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I have been working as WinForm (C#) Developer since Aug 2010. Now, I am planning to migrate into Asp.net MVC (C#). I have been learning MVC with http://www.asp.net/mvc for last 10 days. But I found that it only emphasizes on razor technology over ASPX. I just want to clear doubt that Do you use Razor technology in your MVC Project over ASPX. Please also mention other stuff I should learn (or from where) to be an Asp.net MVC Developer (Good & Employed).

Thank you, Aman

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closed as not a real question by Andrew Barber Mar 19 '13 at 23:10

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Welcome to StackOverflow (SO)

Razor is simply a template engine, meaning that you write a string and put placeholders in it to be filled by some data. Razor is really easy to use, thus:

hello @name

in Razor would be:

hello <%= name %>

in ASP default inline statements. Thus yeah, many developers recently prefer Razor.

If you want to become a good ASP.NET MVC developer, I suggest to follow these topics as starting point:

  1. Filters
  2. HTML Helpers
  3. Razor Syntax
  4. ViewBag, ViewData, and TempData
  5. Routes

of course, these suggestions need you to know ASP.NET, and MVC, and many more stuff as prerequisites.

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Thank you for your reply. – Amandeep Aug 26 '12 at 11:32

Using Razor is indeed a more effective approach then to use ASPX-page markup.

Razor is simpler and cleaner. With "cleanness" comes a better code-walk capabilities. In aspx we had a lot of syntactical junk on the way, and a developer's intention to alter or get to know the code were "wearing off" more quicky.

With Razor, you see a much broader picture of a page's view at a glance.

Razor is not the core of being a good ASP.NET developer though.

The following may be a subjective optinon, but as soon as you realize how web server (ports, urls, routing), Controllers, Views and JSON data fromat tick together, as soon as you are able to quickly parse server-generated JSON model on the client with KnockoutJS or other MVVM framework, making your pages go "alive", you are becoming a developer who can create a web site on his own. You should specialize in something, no doubt, but to be a good developer, you need fully understand how Microsoft Stack of web technologies ticks.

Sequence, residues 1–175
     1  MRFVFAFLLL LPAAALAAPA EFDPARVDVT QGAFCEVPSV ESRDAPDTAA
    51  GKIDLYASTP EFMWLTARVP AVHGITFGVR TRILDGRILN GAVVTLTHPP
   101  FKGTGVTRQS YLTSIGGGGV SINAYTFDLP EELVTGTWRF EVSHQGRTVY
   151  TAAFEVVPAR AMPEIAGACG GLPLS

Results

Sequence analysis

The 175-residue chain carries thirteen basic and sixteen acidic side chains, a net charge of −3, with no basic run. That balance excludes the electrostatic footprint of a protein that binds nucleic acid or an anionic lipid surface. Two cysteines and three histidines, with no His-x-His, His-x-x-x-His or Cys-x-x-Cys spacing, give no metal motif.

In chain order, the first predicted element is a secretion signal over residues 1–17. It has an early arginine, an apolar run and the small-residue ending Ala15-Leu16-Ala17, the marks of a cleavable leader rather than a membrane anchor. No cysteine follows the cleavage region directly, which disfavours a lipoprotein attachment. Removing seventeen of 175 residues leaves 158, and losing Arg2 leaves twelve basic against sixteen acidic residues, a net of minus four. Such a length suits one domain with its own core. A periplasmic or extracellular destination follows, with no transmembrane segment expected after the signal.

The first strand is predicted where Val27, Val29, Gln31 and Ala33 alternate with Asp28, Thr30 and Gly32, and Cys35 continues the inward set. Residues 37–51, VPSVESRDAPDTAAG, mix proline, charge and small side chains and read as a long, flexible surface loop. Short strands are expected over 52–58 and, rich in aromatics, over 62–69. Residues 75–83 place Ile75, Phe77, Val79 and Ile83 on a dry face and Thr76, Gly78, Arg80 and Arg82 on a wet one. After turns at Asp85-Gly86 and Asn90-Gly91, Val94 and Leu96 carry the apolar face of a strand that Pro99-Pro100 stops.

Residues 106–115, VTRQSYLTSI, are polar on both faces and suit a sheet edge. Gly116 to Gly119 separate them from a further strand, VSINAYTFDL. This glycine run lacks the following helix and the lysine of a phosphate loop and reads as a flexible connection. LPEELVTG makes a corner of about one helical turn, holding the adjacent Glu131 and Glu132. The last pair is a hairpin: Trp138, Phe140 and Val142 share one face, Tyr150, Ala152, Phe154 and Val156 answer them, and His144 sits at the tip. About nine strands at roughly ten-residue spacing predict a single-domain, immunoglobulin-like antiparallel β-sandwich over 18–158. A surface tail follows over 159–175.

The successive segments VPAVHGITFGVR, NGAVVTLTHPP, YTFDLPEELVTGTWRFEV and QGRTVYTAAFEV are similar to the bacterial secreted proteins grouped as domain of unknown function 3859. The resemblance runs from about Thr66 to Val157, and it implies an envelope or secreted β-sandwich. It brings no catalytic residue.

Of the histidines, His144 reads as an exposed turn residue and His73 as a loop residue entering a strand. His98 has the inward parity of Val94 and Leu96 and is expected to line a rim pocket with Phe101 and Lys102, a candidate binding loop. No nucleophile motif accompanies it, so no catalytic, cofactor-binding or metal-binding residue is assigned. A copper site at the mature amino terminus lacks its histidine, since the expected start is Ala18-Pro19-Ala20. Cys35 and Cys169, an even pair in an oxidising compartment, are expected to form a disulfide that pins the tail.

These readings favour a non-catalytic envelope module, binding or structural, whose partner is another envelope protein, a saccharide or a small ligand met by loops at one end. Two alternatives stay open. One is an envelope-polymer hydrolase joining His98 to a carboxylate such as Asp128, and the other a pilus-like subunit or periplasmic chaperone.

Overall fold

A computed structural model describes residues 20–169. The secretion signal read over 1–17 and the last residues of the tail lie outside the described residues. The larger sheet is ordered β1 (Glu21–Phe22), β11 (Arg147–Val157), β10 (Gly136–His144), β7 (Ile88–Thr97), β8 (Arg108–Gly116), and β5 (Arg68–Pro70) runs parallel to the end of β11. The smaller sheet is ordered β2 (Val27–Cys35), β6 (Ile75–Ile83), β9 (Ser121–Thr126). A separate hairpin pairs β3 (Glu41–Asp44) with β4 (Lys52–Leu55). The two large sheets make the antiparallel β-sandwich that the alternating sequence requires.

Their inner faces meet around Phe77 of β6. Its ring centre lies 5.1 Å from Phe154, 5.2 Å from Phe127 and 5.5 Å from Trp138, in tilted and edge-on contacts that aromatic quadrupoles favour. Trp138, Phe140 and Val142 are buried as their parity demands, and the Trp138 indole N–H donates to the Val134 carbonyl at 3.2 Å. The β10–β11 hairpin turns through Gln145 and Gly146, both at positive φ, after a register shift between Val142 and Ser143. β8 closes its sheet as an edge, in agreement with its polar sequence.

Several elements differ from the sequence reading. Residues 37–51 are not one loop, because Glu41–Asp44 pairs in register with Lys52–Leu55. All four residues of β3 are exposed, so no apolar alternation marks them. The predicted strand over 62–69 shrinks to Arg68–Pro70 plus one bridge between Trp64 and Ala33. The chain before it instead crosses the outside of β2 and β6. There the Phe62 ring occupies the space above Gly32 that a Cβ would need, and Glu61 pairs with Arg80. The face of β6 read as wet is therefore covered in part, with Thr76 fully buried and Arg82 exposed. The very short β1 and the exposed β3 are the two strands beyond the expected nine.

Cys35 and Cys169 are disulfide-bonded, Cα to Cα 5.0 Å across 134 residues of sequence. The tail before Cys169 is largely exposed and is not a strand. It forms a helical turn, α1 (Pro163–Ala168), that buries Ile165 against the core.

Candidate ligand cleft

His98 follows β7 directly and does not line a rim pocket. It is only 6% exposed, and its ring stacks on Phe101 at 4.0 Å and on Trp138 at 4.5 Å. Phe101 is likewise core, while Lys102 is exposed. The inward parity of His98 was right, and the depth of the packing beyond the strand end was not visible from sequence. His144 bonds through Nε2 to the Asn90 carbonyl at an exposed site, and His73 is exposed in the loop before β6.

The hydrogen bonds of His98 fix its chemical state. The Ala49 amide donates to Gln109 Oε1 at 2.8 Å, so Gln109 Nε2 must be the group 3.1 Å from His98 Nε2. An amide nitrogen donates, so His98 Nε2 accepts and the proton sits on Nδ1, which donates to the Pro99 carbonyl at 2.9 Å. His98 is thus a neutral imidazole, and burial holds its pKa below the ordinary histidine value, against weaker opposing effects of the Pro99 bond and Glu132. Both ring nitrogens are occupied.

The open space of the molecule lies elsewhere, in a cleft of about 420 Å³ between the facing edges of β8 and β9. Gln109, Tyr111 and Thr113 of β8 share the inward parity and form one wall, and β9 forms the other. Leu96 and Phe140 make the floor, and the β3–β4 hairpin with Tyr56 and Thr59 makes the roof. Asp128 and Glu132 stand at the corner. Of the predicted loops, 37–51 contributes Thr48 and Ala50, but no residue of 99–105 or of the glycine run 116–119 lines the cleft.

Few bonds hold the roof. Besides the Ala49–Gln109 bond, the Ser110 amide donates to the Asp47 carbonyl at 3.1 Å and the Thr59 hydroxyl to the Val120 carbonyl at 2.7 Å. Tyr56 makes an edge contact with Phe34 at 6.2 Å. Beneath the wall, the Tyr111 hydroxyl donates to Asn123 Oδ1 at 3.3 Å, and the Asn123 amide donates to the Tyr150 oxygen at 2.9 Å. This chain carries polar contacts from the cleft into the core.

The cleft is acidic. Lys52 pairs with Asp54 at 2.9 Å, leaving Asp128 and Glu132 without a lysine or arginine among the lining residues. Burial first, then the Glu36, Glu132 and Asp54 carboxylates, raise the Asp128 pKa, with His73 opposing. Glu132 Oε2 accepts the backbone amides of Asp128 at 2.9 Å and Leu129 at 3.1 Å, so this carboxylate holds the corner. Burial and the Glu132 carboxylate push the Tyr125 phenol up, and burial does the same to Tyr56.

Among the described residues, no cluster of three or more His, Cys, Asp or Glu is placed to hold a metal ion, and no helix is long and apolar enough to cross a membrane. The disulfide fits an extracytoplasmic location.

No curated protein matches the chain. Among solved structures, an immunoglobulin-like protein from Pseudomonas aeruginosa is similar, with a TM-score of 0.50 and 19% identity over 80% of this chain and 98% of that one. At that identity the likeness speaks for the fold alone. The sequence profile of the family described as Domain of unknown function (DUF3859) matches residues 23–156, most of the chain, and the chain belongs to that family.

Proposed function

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hmmm! That sounds quite great. Thank you – Amandeep Aug 26 '12 at 11:45

Aman As far as Razor over ASPX concerns, I say yes Razor is widely used in industry and as you are beginner in ASP.NET MVC, I suggest to learn MVC 4. You can get more info on MVC 4 from http://www.asp.net/mvc/mvc4 and here is article series covering new feature in MVC 4 http://www.dotnetexpertguide.com/2011/09/aspnet-mvc-4-article-series.html

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Thank you for your reply – Amandeep Aug 28 '12 at 2:17

I have read 3 books on ASP.NET MVC and 2 books on the Entity Framework. I have been developing in MVC 3 since it was released. Absolutely the best resource I have found is Scott Allen's training courses on ASP.NET MVC 3 on http://pluralsight.com/training/Courses/TableOfContents/aspdotnet-mvc3-intro Scott really knows his stuff.

This isnt just your typical canned developer training that is read from a script by a voice actor. Scott really knows web development and he shares some great inside tips on programming MVC 3. His C# stuff on http://pluralsight.com/training/Courses/TableOfContents/csharp-fundamentals is also very good. No, I do not work for pluralsight, I am just a happy pluralsight.com subscriber.

You must know HTML, CSS, jQuery and JavaScript in order to be an effective and productive MVC 3 developer. Go to http://www.w3schools.com/ and do all of the tutorials on those subjects.

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Thank you. After getting basic training from www.asp.net/mvc. I was planning for pluralsight. Scott Allen is really great i also follow him on www.OdeToCode.com. – Amandeep Aug 28 '12 at 2:21

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